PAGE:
3.11.2014

Cosmos



I have acquired a new tv show (I know, I know, like I need one, right?). It's only been the pilot two episodes, and I've not seen the old one yet to compare, but already I am enamored with Cosmos: A Spacetime Odyssey. It's obviously geared for younger or probably not-as-exposed-to-science audiences, but it gave me that same feeling that watching Bill Nye the Science Guy as a kid did, and that feeling I will eloquently sum up as: OMG SCIENCE IS SO *BLEEPING* COOL!!!!
 
Anyway, Cosmos is about the universe and everything in it. The narrative was well-written, incorporating history and science and personal touches from narrator Neil Degrasse Tyson, and paired with absolutely stunning visual imagery. It's the kind of show that I think would get more kids into science, because it really displays well how literally science is all around us. One of my favorite examples of the sheer wonder of the universe is depicted in the above picture. Neil Degrasse Tyson explained how if the annual calendar represented all of spacetime since the Big Bang, all of the history of modern humans on Earth occurred in the last hour of December 31st. Whaaa?! 
Finally, something really poignant that was said that I thought was particularly poetic was that it's easy to watch something like this and learn about the cosmos and feel really small and insignificant. Instead of thinking about how temporally little you seem in the cosmic world, he said to think about how there has been all of spacetime so far, all these reactions and evolutions and chance occurrences and failed experiments of nature, and yet here you are. You and I are such improbable miracles, formed from the same stuff as stars, we should feel large.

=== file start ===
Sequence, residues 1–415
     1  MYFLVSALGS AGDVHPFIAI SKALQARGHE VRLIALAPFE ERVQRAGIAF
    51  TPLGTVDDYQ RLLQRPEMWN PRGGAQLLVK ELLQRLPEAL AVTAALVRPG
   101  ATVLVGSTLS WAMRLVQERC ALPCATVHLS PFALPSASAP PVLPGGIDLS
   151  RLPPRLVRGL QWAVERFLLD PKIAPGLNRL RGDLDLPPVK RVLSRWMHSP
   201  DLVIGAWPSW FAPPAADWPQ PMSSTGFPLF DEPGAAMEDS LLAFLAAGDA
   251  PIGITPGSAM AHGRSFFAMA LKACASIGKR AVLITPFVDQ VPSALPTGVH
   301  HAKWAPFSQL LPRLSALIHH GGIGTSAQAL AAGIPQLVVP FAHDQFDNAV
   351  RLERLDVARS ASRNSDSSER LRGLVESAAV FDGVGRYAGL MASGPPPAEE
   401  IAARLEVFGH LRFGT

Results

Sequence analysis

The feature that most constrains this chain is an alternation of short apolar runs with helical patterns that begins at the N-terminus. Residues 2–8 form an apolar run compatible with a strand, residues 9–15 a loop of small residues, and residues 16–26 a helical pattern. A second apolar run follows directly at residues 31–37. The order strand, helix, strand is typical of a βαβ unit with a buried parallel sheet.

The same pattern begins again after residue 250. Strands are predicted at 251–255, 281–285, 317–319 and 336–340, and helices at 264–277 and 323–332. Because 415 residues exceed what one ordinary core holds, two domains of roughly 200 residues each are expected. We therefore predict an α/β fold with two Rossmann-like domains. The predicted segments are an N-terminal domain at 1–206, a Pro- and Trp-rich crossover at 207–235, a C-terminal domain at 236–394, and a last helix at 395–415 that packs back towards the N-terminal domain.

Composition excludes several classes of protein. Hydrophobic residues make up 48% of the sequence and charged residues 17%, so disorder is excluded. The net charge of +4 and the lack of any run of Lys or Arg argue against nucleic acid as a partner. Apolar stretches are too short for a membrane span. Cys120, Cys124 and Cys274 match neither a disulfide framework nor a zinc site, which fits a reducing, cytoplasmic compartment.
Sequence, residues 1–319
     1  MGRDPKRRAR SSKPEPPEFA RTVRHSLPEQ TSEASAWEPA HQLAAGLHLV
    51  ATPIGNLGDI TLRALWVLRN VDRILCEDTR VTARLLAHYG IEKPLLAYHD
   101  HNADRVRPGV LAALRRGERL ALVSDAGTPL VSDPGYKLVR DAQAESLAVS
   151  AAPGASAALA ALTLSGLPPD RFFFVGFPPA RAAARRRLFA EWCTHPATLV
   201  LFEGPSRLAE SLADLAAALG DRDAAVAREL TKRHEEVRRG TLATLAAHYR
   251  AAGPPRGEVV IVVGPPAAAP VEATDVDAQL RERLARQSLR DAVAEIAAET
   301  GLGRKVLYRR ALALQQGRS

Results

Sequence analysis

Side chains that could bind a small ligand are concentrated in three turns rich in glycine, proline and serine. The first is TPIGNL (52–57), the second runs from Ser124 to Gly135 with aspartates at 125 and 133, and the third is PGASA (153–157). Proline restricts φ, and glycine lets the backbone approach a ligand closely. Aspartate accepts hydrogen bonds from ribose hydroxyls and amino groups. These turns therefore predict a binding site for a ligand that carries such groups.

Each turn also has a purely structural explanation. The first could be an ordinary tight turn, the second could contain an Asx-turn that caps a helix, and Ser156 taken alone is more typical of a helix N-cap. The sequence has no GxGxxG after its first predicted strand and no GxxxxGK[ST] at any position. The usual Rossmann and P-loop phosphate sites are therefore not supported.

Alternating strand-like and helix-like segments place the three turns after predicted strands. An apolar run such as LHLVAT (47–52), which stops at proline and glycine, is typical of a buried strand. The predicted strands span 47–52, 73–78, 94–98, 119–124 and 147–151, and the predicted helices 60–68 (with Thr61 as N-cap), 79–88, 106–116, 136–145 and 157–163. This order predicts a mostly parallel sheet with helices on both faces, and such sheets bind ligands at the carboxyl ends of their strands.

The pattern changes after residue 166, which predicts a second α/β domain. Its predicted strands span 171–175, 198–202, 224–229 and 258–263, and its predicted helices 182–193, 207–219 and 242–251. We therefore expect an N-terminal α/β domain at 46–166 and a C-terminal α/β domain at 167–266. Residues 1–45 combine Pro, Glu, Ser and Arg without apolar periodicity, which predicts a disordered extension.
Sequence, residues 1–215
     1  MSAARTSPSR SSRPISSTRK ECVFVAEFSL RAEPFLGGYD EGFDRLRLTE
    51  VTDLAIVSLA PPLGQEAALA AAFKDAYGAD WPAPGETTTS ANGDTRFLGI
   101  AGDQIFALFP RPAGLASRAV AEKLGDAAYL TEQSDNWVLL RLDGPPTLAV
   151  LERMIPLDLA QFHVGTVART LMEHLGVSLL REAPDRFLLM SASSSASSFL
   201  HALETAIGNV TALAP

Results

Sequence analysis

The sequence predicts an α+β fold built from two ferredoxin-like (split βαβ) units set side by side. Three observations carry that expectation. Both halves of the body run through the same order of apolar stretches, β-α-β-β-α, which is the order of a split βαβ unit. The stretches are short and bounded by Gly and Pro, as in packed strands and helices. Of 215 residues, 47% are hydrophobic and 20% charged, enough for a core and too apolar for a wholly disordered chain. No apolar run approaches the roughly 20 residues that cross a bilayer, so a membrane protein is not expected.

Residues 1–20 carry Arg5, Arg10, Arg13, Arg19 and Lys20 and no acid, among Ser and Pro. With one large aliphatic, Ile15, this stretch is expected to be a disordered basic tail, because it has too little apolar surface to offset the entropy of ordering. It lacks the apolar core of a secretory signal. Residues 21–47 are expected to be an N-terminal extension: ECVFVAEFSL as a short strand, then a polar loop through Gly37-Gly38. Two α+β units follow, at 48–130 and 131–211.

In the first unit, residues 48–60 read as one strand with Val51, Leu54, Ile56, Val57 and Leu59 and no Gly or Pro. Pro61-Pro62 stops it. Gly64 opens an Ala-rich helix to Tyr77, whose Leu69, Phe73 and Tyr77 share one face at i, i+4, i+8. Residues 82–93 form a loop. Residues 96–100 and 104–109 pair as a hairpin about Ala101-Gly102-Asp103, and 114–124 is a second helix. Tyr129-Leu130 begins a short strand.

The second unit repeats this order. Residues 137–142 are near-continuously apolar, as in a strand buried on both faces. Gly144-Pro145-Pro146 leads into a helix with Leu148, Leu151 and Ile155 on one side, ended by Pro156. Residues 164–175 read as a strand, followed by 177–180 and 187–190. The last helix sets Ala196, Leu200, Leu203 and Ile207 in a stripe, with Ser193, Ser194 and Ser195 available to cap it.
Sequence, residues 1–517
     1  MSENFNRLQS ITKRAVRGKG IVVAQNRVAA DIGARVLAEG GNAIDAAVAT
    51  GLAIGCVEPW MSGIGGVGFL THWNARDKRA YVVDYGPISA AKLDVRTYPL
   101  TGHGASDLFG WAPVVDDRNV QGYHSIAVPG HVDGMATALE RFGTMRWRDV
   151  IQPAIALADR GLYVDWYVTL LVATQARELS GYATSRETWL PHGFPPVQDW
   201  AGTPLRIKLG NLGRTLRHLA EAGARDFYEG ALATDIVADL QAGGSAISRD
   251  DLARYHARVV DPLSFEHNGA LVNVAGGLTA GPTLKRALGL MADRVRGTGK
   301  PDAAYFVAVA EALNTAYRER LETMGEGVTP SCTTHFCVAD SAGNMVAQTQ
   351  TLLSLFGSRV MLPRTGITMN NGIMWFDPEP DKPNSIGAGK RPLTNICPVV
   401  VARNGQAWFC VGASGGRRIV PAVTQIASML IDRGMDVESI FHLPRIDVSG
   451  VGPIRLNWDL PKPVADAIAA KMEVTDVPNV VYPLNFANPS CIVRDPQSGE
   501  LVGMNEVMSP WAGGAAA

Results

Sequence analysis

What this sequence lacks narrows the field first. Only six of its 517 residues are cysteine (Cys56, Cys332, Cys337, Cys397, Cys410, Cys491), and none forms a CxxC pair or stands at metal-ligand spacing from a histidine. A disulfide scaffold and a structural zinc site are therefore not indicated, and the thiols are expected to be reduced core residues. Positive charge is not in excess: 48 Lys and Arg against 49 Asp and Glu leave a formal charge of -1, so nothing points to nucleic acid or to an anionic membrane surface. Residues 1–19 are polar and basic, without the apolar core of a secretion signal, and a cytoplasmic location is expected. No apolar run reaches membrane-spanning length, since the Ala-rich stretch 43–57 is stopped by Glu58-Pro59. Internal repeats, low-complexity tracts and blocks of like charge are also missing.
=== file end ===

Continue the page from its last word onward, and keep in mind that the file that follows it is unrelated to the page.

3 comments:

  1. I hadn't heard of this show before. It sounds very interesting and the images in your post look stunning.

    Tracy @ Sunny Days and Starry Nights

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  2. I've been watching this too! It's so good!!

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  3. This was on On Demand for free last week. I totally wanted to watch it (and should have, sounds like), but forgot to get back to it. I love what you mentioned about the narrator saying how we are made out of the same stuff as stars and plants, therefore, we shouldn't ever feel insignificant. Brilliant. :)

    XO,
    SSDS

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